Lead researcher Joshua Miller said, “There were some people in the study who had low vitamin D who didn’t decline at all and some people with adequate vitamin D who declined quickly,” said Miller. “But on average, people with low vitamin D declined two to three times as fast as those with adequate vitamin D.”
Vitamin D is known for its role in bone health, its primary source is sun exposure and secondary sources are some foods. Previous research has found that vitamin D levels can have an impact on the brain and cognitive function.
The latest findings were conducted between 2002 and 2010. The study used 382 individuals who were assessed for their vitamin D levels and cognitive abilities annually over the course of five years. They ranged in age from 60 to 90 years old.
Among the group there were individuals with normal cognitive function as well as mild cognitive loss and dementia. Previous research on vitamin D and cognitive ability was primarily focused on one race – this study was racially and ethnically diverse. 61 percent of participants were deemed to have low vitamin D levels. Although individuals with darker skin were found to have lower vitamin D levels, researchers determined that faster cognitive decline occurred regardless of race and ethnicity.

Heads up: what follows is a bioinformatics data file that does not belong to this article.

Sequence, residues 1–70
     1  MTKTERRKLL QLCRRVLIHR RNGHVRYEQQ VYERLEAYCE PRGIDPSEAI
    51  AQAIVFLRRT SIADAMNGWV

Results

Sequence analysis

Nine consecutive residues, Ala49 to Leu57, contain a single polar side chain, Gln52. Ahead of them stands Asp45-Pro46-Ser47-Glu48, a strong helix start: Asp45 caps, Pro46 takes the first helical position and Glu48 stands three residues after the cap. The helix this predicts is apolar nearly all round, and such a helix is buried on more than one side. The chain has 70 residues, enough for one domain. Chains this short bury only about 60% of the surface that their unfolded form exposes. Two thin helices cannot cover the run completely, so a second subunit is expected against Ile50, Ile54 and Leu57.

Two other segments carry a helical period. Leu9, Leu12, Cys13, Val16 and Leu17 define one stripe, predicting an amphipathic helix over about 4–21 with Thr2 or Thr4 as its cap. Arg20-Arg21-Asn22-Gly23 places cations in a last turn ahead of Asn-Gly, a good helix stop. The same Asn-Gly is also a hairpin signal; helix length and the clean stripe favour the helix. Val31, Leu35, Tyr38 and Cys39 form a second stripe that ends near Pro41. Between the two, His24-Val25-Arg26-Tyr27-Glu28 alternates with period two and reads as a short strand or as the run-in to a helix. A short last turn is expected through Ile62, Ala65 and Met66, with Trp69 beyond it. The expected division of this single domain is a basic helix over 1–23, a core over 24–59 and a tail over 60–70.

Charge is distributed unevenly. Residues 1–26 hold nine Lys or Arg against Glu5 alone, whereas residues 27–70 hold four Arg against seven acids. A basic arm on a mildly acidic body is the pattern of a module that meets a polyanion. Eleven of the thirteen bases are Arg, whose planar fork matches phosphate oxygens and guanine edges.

The research may promote supplementing vitamin D in seniors, but there are consequences of too much vitamin D, including hardening of the arteries, increased calcium in the blood, kidney failure, hyperthyroidism and increased calcium in those with tuberculosis. Researchers caution seniors before they start taking vitamin D and recommend consulting a physician.
Miller concluded, “This will give us the additional information that we need to help determine whether vitamin D supplements can be used to slow the rate of cognitive decline and prevent dementia in older adults.”
The findings were published in the Journal of the American Medical Association-Neurology.